Dian Fossey's birthday celebrated with a Google doodle

Dian Fossey's birthday celebrated with a Google doodle
American zoologist played by Sigourney Weaver in the film Gorillas in the Mist would have been 82 on Thursday (16 January 2014)

Friday, February 8, 2008

49,000 ha of illegal palm oil plantations to be slashed in Riau

Rizal Harahap, The Jakarta Post, Pekanbaru

The government will slash some 49,000 hectares of illegal palm oil plantations in protected forest areas in Rokan Hulu regency, Riau, allowing forests to reclaim cleared land, an official said Wednesday.

Rokan Hulu regent Achmad said the oil palms in the protected forest area, in Sungai Mahato and Bukit Sugili, would be destroyed because the plantation was developed without authorization.

Conversion of protected forest into oil palm plantation and illegal logging practices have been rampant, he said, but no steps have been taken yet to stop perpetrators or plantation "owners".

"The public has to pay high costs for the illegal conversion of land, with the shrinking of water catchment areas which ends up causing flooding each year in the regency," he said.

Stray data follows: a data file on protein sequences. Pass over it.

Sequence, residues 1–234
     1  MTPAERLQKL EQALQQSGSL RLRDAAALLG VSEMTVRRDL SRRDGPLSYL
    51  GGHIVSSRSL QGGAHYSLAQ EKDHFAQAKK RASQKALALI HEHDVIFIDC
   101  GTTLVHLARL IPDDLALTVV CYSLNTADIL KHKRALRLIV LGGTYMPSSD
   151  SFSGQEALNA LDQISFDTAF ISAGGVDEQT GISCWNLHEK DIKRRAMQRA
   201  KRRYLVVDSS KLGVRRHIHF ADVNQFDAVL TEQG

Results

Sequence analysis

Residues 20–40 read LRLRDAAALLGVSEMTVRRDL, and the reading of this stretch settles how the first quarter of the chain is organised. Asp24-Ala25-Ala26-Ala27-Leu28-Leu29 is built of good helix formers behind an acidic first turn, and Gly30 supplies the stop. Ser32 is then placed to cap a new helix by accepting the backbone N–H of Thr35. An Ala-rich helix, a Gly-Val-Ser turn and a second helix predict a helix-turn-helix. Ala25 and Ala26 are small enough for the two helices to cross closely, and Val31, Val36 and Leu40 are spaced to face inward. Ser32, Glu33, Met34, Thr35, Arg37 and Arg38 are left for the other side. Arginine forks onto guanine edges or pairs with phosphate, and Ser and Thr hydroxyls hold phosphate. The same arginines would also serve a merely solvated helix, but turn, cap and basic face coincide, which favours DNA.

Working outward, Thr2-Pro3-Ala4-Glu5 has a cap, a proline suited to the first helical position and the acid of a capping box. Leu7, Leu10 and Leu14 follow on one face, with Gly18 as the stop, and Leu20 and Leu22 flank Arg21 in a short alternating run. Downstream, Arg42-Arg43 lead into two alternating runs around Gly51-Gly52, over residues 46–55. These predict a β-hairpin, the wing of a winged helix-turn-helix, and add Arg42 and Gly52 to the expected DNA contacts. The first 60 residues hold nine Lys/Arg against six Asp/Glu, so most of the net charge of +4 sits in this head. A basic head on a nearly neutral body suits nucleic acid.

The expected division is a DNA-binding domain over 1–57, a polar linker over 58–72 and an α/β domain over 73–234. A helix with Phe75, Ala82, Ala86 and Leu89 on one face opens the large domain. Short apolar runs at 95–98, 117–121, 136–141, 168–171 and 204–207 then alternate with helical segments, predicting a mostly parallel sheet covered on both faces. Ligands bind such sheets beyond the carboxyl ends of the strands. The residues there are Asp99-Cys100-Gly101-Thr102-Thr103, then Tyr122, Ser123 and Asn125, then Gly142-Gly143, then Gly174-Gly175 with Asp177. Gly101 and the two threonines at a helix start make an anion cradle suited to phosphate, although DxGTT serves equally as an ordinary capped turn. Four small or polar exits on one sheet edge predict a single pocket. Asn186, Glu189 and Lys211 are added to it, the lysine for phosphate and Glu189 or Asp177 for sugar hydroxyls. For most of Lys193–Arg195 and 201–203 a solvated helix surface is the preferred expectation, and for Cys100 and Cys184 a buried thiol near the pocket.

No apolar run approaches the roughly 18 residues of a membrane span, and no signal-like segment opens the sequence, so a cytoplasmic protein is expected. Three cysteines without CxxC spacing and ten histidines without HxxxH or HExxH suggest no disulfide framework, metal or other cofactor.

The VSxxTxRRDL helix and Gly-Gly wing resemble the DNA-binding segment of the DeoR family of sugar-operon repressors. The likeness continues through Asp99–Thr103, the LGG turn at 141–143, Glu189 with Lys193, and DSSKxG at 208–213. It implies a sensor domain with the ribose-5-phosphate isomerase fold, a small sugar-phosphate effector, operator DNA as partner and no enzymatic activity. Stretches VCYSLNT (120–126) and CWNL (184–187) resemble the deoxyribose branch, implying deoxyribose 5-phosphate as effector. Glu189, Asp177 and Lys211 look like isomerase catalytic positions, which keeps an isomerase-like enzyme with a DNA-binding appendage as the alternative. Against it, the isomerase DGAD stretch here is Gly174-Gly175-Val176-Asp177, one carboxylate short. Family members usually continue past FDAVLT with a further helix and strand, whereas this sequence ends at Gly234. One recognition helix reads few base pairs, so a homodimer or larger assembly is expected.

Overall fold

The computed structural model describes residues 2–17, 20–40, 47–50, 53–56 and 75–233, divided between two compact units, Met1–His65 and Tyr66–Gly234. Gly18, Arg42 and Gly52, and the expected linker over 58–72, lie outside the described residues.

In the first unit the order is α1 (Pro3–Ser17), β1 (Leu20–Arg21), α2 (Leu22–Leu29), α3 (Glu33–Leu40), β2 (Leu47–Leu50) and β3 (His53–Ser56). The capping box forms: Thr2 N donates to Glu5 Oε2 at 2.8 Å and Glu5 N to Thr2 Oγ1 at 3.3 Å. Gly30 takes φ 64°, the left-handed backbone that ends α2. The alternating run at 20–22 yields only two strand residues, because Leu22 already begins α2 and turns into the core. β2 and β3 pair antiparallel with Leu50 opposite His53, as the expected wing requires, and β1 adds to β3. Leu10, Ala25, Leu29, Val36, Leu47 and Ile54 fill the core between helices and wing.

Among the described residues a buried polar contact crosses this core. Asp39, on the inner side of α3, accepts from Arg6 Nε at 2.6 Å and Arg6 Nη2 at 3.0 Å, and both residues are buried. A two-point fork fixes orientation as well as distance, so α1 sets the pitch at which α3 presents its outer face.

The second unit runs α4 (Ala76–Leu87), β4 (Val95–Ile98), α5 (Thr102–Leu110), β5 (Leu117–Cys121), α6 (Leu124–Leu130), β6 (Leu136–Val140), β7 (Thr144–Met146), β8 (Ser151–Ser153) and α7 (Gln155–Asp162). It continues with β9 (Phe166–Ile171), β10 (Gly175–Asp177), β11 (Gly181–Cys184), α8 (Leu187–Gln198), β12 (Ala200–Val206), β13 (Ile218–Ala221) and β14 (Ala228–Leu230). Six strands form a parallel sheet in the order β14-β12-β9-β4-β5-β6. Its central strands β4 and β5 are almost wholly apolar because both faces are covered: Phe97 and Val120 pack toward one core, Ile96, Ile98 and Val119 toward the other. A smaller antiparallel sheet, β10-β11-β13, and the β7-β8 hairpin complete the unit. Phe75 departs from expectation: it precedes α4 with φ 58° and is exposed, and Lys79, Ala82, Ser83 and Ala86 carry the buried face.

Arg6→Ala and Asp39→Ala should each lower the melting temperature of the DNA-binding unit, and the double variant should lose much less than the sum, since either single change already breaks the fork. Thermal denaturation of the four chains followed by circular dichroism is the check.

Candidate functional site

"The rampant land conversion has also led to frequent attacks from protected animals, like elephants and Sumatran tigers, on locals and their farmland, after losing their habitat in protected forests," he said.

Achmad, who is still seven months in his tenure, said the reforestation program would be financed by the 2008 state budget, and supervised by relevant authorities to avoid financial malfeasance.

He said any farmers refusing to leave the protected area would be prosecuted because they would be breaking the 2004 law on the environment.

It was tragic that most of the 32,000-ha Sungai Mahato forests and 31,000 Bukit Sugili forests had been cleared for plantations, which meant (protected) wildlife was forced to seek refuge in other forests nearby, Achmad said.

Meanwhile, local activists have expressed their skepticism over the local government's commitment to regenerate the forest, saying the move would meet strong protests and resistance from local farmers.

Tropica non-government organization executive director Harizal Jalil said if the regent could execute the plan, it could be the first step toward regreening vast areas of barren land inside protected forests and national parks in the province.

"The problem is whether the plan gets executed or not. A strong commitment is needed from all sides to do this," he said.

Executive director of the Environmental Forum in Riau, Jhony Setiawan Mundung, said a national movement was needed to support the reforestation of 300,000 hectares of cleared forests in the province.

"We are very eager to see if the regent can execute the plan, or if he is just talking," he said.

The chief of palm oil affairs at the local plantation office, Hanafi, said he was pessimistic at the success of the plan because 8,000 farmers who worked on the plantation would stage a strong protest if the regent goes ahead.

He said his office had never issued any permit to farmers to plant oil palm trees in protected areas.